"For in the dew of little things, the heart finds its morning as is refreshed." (Khalil Gibran)
I am sitting here, writing. I can almost hear my heart, almost as loud as the fridge in the kitchen. Beating. Very clearly spaced out, beat after beat, after beat.
I think this is what gave away for sure that I existed in my mom's womb - the heartbeat. My heart has since then been the rascal of my being: mom tells me all throughout her pregnancy with me, the doctor (who did not have access to an ultrasound machine back then) always heard two heartbeats in her stomach. So, he always thought she was carrying twins. She didn't. It was just my show off, loud heart.
As I grew up, I have learned I have a condition that will eventually damage my heart, as well as my brain, as well as many other vital parts of my body. But the heart was always the number one concern for all doctors - the heart goes first.
Almost all of my life, since I was 6, I have known that one day my heart would give me trouble. Well, that day has come. I am scheduled for open heart surgery in just a bit over a week.
Ever since I can remember, I have looked up to open heart surgery patients! The concept of it is no less than Frankensteinian! To crack your chest open. To stop your heart. To cut your heart. And replace parts in it ... who does this?!?! What kind of stomach does a doctor need to muster?! And then, the surviving, the moving on. The acceptance of a life on the watchout. Forever. For as long as you are lucky to breathe after that. The scare of maybe repeating the surgery, again. Oh, Lord!
Although I have known this for what seems ever to me, I am still in semi-shock. I have been lucky to have known about this for months now, and it's still hard to swallow! For 40 years, there was always "something else" they needed to try and surgery was not mandatory. There was a pill. A lifestyle change. Another test to be done. Now, there is no going around it anymore. No more delays. No avenues. No path not taken. Just a wall. A big, huge wall. A mountain to climb, and on the other side, hopefully ... life.
I pray. I beg. I cry "why me". I cry "forgive me, Lord". And I take one day at a time. And I hope. I am a big hoper these days.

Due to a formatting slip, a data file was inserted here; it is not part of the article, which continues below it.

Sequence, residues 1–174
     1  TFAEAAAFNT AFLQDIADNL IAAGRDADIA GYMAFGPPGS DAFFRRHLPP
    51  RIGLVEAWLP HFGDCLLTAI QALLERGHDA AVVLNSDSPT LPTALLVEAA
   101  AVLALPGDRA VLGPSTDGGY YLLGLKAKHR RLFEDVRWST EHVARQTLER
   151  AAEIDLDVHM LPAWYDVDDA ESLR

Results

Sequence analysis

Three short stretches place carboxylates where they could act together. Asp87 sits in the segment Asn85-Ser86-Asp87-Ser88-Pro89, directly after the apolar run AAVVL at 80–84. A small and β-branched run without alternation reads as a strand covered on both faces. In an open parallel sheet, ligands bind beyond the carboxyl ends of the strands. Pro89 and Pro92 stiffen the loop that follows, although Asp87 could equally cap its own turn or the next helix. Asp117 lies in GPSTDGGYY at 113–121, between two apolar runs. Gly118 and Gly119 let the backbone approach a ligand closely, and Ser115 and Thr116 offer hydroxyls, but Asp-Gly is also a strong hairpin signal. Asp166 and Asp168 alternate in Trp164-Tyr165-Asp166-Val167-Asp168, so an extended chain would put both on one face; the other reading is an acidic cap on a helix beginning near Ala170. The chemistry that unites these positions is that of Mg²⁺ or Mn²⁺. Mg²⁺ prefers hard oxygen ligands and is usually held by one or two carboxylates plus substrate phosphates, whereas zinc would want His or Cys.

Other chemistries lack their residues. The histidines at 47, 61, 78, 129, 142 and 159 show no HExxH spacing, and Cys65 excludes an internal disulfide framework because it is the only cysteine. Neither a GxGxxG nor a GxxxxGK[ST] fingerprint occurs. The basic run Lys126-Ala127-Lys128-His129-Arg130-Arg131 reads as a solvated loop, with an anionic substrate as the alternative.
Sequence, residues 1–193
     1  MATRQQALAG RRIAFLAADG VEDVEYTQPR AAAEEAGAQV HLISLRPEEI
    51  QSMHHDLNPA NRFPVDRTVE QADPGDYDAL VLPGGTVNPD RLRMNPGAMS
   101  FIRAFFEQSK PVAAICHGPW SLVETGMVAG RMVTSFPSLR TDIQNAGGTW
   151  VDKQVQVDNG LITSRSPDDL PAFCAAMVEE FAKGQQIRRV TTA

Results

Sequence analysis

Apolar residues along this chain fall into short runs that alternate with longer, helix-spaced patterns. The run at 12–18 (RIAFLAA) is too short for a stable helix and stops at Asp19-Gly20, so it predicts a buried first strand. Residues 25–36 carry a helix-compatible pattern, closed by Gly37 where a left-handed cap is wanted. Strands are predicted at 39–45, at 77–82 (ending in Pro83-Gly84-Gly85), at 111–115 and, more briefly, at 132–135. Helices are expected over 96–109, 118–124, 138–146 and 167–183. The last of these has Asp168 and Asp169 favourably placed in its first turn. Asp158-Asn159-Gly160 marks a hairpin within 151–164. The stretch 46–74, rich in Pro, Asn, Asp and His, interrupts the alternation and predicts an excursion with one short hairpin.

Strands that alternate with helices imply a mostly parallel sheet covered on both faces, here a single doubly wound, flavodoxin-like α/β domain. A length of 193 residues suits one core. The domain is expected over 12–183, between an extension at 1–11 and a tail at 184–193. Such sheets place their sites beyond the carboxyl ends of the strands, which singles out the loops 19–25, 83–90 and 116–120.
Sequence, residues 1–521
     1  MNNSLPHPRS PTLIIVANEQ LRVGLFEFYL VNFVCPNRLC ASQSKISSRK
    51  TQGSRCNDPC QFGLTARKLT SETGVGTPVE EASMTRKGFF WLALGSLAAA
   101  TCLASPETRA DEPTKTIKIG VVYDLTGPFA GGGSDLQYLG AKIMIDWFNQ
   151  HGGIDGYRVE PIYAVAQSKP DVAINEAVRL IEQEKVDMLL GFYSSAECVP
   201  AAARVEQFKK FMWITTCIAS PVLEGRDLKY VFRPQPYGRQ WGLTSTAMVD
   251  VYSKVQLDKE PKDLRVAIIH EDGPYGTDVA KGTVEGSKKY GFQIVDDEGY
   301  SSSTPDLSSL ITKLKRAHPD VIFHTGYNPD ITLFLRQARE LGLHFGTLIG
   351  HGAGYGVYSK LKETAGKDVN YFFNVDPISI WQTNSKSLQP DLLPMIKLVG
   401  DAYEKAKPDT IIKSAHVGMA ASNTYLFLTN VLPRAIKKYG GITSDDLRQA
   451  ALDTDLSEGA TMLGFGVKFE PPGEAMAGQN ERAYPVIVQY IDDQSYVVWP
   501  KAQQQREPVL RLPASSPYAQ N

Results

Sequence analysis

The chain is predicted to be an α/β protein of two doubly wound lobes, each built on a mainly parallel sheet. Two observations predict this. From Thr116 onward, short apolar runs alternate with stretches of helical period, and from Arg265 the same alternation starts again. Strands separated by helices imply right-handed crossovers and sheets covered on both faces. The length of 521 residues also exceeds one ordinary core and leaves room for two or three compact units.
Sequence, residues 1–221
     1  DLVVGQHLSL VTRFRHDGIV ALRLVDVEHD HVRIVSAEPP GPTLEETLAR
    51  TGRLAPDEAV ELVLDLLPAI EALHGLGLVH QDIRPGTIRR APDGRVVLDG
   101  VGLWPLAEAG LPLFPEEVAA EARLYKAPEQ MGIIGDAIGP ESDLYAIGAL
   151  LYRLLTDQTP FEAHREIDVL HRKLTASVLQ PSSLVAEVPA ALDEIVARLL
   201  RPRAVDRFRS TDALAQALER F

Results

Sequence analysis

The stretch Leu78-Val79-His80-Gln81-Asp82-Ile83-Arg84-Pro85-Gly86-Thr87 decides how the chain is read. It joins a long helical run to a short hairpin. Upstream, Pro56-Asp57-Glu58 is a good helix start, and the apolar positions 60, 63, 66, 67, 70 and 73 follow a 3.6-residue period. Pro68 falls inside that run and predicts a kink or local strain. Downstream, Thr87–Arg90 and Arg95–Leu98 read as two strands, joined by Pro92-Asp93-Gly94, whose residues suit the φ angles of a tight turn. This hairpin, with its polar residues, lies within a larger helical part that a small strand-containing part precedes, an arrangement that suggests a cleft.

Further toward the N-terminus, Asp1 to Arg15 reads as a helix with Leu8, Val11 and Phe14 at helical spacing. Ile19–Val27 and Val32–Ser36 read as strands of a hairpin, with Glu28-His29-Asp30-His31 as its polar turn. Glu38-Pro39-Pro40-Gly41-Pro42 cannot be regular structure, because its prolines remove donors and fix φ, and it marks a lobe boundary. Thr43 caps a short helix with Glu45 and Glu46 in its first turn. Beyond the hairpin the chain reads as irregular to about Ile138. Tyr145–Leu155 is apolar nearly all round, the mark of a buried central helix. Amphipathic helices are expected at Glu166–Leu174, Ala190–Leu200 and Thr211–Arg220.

I am not even in the least bit afraid of the recovery time - of all the pain, the forever meds I'll be on, the trauma, the light head, the nausea, the gore ... I am afraid of those 6 hours where my whole life, my rebel, crazy, stubborn, loud heartbeat, that first "me" of this world, will be silenced, and will only be placed solely in the hands of God and the medical staff I have only recently met. I am mortified.
I hope and pray that life will continue even better and louder than before. I hope I will meet my family, my friends, my future, on the other side. I have so much to look forward to. I miss my nephews. I miss my dad. I miss reading books I have not bought yet. I miss writing books I have not dreamed about yet. I will come back. I need to. I must.
Sick as it's been, and struggling, my heart has beaten fully, eagerly and passionately, for so many - my sister, to begin with, early on. My mom, with her blue eyes, always watching over me, beating for me, trying to make her proud of me, always. My grandma, maia, who raised me. My dad who made me tough. My aunt and all other grandparents who welcomed me, spoiled rotten, as their first born ... and not the least my husband - who keeps me together and re-stitches my broken self, daily. My cats. All the space in my heart is filled with them, overflowing. I know all their love must keep me together because what else is there to?! So many others that never knew I cared for and about ...
I am afraid of not being the same at the end of this, the most. I am afraid that my mind will lapse and slip away, that my memory won't be all there, that my feelings will change and my outlook on life will be compromised. I am afraid of the post-op me, I guess, the most... I guess we're always afraid of what we don't know, what we don't see, and what we can't control ... but this is the ultimate in that. My dad jokingly said: "Honey, they'll pick up your heart, pull it out of your chest, wash it with some disinfectant, wipe it clean, and put it right back in". They might as well do that, or do that to my brain, and I feel just the same.
I have done some crazy stuff in my sick life. One should really not be allowed this much happiness, and gusto as I have known in my 40 years. Especially with a sick body like mine. To say that I have been blessed is to insult the word. I have lived on impulse, spoken the truth, and never feared to look fear itself in the eye. But this time is somewhat different. Every time before, I was (although sometimes just seemingly) in control. This time, it's God and the doctors. I am just a guest at my own sorcery business.
I hope one day, folks will remember me for one thing. And I hope that being scared out of my wits for almost the first time in my life won't be it!
I'll continue to listen to that beat. Every moment of every day. Every second. Every glimpse. For as long as God will allow. Love it and cherish it like my own first born. It needs to know it's loved and cherished. This beat needs to continue its march and stay the showoff rascal it's accustomed this world (and me) to be. I need to tell it, it's perfect just the way it is now, so it will come back promptly and carry me through many, many more winters ...